As seen in Figure 4, the same binaural beamformer Narrow Directionality in an in-the-canal (ITC) instrument shows a similar sDI pattern as that of the RIC instrument values displayed in Figure 3. The lab measurements clearly indicate the significant benefit, previously observed for binaural beamformer technology in RICs, can be translated to other hearing aid form factors, thereby benefitting more patients. In fact, the measured sAI-DI from the ITC is 1.3 dB larger than that observed with the RIC instrument.

Since the ITC is seated in the concha rather than on top of the pinna like the RIC, it stands to reason this difference is the result of the added pinna effect. Although these measurement results represent the directional performance from one specific custom hearing aid form factor, it can be expected that custom products of other sizes, such as full-shell or half-shell, will yield similar results.

Automatic Directionality in Single-microphone CICs

If we trace the history of directional hearing aids, we see that, for the first few decades of their use, the directional processing was accomplished with a single directional microphone, or a single microphone that could be switched from directional to omnidirectional.4 This was possible using a pressure-gradient microphone that was sensitive to sounds from both sides of the membrane via a front and back inlet port. The directional effect was accomplished by placing a delay in the sound path for the rear inlet. The delay needed to be consistent with the time required for sound to travel externally between the inlet ports (for a detailed explanation, see Arentsschild and Frober5 and Nielsen6). Some of these early instruments were always directional, but if the input from the rear inlet was completely closed (eg, with a switch on the hearing aid), the processing became omnidirectional.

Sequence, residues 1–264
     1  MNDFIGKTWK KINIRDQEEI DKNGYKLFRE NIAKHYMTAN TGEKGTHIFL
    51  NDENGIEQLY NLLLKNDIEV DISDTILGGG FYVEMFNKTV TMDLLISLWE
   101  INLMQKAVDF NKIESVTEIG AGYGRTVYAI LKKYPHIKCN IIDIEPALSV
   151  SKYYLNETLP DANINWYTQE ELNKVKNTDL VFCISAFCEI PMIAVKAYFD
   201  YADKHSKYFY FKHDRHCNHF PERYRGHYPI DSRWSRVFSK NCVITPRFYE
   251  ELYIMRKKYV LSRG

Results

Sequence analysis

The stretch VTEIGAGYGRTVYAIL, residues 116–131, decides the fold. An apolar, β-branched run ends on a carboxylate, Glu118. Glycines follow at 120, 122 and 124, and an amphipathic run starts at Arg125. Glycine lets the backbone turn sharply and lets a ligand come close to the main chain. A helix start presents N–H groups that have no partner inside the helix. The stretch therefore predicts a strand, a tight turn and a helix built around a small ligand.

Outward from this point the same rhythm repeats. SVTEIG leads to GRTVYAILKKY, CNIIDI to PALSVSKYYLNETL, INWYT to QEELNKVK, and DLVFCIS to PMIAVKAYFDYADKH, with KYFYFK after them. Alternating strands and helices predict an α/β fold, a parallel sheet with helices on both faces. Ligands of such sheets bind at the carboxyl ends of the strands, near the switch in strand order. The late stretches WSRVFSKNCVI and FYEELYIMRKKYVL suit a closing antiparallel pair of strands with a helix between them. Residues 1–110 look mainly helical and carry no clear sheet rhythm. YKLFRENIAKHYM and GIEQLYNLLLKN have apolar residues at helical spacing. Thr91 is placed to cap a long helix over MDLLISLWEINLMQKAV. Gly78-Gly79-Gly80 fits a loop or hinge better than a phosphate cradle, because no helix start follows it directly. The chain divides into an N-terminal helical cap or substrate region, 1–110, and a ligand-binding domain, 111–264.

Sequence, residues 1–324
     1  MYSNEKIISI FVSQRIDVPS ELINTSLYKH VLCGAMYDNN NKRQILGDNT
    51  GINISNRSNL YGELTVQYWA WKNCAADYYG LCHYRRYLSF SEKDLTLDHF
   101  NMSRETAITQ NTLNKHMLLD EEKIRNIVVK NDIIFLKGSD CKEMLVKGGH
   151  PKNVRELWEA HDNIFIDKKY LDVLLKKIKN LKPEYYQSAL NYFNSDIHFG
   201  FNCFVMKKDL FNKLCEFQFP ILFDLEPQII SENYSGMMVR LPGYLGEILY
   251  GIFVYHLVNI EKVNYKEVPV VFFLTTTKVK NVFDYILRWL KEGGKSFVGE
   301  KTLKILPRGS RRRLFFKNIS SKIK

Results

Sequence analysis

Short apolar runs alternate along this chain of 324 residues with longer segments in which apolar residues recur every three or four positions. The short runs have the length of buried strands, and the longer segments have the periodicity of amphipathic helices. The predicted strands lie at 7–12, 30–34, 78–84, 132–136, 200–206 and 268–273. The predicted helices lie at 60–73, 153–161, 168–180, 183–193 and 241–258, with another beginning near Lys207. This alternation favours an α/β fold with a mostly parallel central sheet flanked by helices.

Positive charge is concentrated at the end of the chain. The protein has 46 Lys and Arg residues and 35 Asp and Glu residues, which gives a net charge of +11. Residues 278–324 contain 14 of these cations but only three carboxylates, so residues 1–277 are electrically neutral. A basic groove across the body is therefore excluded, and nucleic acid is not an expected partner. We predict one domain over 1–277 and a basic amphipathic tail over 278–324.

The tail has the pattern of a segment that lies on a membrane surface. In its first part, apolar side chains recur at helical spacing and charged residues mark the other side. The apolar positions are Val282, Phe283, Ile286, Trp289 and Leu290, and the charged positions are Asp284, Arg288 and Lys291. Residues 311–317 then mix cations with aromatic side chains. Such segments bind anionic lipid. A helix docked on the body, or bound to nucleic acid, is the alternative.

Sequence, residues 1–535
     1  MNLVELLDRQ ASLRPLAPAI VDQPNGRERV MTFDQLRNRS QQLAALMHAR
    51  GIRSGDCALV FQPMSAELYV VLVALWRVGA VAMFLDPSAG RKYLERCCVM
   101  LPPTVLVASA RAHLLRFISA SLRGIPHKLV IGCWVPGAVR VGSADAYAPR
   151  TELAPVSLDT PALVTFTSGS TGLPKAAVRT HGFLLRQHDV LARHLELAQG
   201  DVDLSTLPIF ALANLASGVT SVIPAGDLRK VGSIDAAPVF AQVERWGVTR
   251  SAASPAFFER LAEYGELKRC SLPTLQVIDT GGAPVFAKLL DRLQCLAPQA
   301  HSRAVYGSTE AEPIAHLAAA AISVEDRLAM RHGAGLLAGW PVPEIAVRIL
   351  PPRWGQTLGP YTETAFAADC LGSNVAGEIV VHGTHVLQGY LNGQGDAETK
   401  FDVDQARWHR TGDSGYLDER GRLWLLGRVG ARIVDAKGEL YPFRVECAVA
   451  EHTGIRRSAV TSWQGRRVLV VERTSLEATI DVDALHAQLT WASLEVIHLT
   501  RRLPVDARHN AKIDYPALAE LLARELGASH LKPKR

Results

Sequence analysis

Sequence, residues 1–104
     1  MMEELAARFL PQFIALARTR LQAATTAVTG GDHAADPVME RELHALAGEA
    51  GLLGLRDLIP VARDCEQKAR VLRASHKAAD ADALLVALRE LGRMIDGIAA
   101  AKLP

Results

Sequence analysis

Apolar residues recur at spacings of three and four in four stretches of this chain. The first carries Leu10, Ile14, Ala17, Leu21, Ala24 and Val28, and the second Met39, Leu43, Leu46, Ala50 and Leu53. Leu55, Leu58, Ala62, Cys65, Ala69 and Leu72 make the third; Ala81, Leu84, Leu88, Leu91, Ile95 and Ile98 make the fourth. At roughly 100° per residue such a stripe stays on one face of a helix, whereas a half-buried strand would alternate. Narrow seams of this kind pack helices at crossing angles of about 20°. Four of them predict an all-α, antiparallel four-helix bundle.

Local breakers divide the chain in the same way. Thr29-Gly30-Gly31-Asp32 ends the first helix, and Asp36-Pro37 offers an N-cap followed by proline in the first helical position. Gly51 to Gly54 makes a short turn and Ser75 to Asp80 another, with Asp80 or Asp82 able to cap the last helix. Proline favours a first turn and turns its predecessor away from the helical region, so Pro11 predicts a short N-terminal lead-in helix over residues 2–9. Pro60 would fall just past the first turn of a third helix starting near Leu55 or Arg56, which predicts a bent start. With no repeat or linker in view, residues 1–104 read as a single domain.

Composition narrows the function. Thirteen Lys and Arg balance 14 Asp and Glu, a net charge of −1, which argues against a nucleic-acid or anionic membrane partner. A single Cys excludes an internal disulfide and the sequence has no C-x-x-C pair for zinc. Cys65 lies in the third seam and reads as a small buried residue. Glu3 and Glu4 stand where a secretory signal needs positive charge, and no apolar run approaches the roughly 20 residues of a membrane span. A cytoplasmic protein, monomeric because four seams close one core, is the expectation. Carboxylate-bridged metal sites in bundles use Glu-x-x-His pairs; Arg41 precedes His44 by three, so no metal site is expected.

In design theory, the single-microphone approach has appeal, as less space is required. However, there is still the issue of two inlet ports and appropriate port spacing. This has limited the application of the directional design to BTEs, and at the smallest, the ITC style.

The question then becomes, with today’s effective wireless streaming of audio signals between hearing aids, would it be possible to develop a directional algorithm using only one microphone in each hearing aid? And if so, since only one input port would now be required, could this technology be applied effectively in small completely-in-the-canal (CIC) instruments? The answer to both questions is “yes.”

Figure 5

Figure 5. The binaural beamformer for single-microphone custom instruments, marketed as binaural OneMic directionality, is designed to improve upon the natural pinna effect, allowing the wearer to better focus on speech coming from the front.

Having bilateral CIC instruments with bidirectional ear-to-ear wireless audio data transmission implies that each hearing device in a bilateral pair operates with input detected and processed by both hearing aids, and it is possible to design a binaural adaptive beamforming algorithm that incorporates head shadowing effects. More specifically, by carefully weighting and combining both available microphone signals, and by imposing an appropriate optimization criterion for the adaptive weighting rule, it is possible to generate an enhanced output signal where interfering lateral noise sources can be efficiently attenuated, while the frontal desired speaker signal remains untouched.

As a result, directionality (or more precisely, a beam toward the front direction) is produced, which was never possible in the past with CIC instruments. This of course has the potential to improve speech understanding in adverse noisy environments, presuming the user is able to face the target signal in much the same way as previously accomplished with BTE instruments (Figure 5).